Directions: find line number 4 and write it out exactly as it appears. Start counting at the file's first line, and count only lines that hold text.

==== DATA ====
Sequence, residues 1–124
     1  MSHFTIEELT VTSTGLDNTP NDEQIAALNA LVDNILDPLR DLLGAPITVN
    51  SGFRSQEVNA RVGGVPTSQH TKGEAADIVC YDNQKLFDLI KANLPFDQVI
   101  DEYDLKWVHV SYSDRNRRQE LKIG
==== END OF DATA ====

   101  DEYDLKWVHV SYSDRNRRQE LKIG